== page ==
Here is a nice little Latin phrase, and rare, too (one can’t be too recherche or brief in one’s Latin, it’s getting so common) . . . .
—“How to write a Blackwood article”
‘Quare id faciam’ I appropriated from a text from 2nd-year Latin, which is as far as my Latin goes (or once went, rather). Not long out of college, in need of a username for some online service I can’t recall, I thought to find something from the Latin I’d had, some distinctive word or phrase — something no one else out there would likely be using. I browsed a little, and this snippet from Catullus’ couplet beginning ‘Odi et amo . . .’ seemed to my purpose.
(Hear Helen Mirren, as Elizabeth I, read the whole bit starting just about 60 seconds into this Youtube clip.)
My snippet, ‘quare id faciam,’ besides being not already taken, had the appealing quality of being a little grammatically & semantically ambiguous, lifted from context. Isolated, the tense works out as future rather than present, and the sense of faciam is sort of indeterminate — could be taken, in English, as ‘do’ or ‘make.’ I liked that ‘Why make it?’ possibility in it.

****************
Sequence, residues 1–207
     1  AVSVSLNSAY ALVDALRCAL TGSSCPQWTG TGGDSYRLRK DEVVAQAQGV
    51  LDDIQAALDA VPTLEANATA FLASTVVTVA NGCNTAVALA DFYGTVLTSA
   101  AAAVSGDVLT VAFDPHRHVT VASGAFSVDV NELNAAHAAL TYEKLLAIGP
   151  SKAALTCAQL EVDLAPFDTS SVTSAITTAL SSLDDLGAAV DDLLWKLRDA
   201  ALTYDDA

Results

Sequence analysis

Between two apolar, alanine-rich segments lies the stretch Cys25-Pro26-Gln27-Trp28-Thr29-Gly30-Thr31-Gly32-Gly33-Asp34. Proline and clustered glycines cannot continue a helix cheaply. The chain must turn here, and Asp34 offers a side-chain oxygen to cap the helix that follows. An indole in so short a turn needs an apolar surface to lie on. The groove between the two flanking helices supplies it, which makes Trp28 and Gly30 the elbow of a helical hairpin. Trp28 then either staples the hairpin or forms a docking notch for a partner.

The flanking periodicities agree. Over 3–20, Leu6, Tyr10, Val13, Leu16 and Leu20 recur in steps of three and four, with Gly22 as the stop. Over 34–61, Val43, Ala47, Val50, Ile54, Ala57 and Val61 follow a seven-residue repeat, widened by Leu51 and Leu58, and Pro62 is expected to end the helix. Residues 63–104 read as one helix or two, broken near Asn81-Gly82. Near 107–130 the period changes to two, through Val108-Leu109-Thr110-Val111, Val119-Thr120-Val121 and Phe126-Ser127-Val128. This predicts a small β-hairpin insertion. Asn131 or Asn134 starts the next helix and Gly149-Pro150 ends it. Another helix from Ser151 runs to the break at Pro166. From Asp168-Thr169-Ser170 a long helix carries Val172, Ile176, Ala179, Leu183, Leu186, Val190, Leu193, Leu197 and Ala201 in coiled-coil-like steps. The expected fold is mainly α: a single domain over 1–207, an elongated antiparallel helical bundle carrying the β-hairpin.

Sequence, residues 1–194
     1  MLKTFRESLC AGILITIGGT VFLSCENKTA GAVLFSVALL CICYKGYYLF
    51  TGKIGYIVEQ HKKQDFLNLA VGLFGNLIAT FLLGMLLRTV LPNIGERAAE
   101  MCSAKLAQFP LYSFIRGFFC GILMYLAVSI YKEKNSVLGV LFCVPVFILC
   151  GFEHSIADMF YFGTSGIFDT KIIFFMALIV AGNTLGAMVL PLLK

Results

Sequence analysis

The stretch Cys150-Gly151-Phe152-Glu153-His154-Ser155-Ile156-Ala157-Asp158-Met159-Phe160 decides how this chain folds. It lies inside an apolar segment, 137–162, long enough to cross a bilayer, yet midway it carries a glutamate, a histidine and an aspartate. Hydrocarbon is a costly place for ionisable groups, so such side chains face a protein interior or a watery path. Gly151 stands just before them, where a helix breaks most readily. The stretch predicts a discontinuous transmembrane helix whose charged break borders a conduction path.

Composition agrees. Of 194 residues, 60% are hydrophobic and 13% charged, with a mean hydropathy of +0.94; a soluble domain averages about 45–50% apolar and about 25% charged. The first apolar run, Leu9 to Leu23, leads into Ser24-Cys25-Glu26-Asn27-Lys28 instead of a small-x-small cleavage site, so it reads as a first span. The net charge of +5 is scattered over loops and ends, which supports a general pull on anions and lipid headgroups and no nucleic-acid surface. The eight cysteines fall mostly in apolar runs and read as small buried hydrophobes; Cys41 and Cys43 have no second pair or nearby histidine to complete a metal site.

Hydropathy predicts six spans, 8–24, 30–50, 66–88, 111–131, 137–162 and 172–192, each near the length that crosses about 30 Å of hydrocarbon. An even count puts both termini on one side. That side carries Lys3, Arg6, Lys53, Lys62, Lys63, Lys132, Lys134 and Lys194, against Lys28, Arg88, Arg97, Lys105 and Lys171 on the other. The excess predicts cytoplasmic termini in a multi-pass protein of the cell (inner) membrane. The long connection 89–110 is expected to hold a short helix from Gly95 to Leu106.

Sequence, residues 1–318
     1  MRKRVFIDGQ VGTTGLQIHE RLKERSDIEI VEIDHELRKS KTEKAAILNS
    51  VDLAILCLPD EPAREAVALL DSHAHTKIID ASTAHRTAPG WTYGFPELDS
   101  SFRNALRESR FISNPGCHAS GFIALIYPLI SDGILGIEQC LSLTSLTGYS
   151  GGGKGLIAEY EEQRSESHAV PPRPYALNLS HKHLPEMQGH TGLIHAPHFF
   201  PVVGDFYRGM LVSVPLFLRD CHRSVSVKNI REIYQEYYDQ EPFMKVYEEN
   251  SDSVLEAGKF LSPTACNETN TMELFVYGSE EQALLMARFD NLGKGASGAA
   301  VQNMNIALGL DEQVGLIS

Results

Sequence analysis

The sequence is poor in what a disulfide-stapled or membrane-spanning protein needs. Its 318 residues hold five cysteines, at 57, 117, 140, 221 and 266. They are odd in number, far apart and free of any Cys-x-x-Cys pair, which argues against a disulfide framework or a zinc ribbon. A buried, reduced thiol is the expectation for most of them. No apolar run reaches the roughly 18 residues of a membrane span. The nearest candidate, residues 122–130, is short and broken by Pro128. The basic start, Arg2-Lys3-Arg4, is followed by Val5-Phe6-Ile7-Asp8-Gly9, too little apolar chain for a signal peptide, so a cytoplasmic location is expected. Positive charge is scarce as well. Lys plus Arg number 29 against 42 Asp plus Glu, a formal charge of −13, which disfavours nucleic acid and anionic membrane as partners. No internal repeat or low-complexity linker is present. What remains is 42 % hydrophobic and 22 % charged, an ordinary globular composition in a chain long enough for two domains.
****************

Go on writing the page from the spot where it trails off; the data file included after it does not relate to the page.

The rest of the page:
Anyway, I kept using quareidfaciam as a username here & there. Finally I registered the domain name. Is it silly & pretentious for someone who doesn’t know much Latin, and Latin literature much less, to snag an online name/identity from his college translation primer? Yes. — But I’ve gotten used to using it, and not surprisingly there’s still no competition for it.
And to tell the truth, since I’ve stuck myself with it I find that this skeletal reflection — ‘Why will I, why do I . . . ?’ — hasn’t done me any harm.